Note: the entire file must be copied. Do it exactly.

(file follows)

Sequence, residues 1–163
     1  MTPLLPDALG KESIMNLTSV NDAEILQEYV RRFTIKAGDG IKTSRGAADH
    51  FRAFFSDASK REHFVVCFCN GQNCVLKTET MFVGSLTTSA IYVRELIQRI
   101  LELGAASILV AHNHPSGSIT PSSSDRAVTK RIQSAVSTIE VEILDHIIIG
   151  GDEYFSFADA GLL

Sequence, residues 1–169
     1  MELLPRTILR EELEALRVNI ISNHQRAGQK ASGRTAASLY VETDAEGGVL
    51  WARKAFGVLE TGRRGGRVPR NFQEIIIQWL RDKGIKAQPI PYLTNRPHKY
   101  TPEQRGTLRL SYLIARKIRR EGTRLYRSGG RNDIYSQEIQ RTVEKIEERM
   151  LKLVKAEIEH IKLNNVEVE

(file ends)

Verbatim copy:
Sequence, residues 1–163
     1  MTPLLPDALG KESIMNLTSV NDAEILQEYV RRFTIKAGDG IKTSRGAADH
    51  FRAFFSDASK REHFVVCFCN GQNCVLKTET MFVGSLTTSA IYVRELIQRI
   101  LELGAASILV AHNHPSGSIT PSSSDRAVTK RIQSAVSTIE VEILDHIIIG
   151  GDEYFSFADA GLL

Sequence, residues 1–169
     1  MELLPRTILR EELEALRVNI ISNHQRAGQK ASGRTAASLY VETDAEGGVL
    51  WARKAFGVLE TGRRGGRVPR NFQEIIIQWL RDKGIKAQPI PYLTNRPHKY
   101  TPEQRGTLRL SYLIARKIRR EGTRLYRSGG RNDIYSQEIQ RTVEKIEERM
   151  LKLVKAEIEH IKLNNVEVE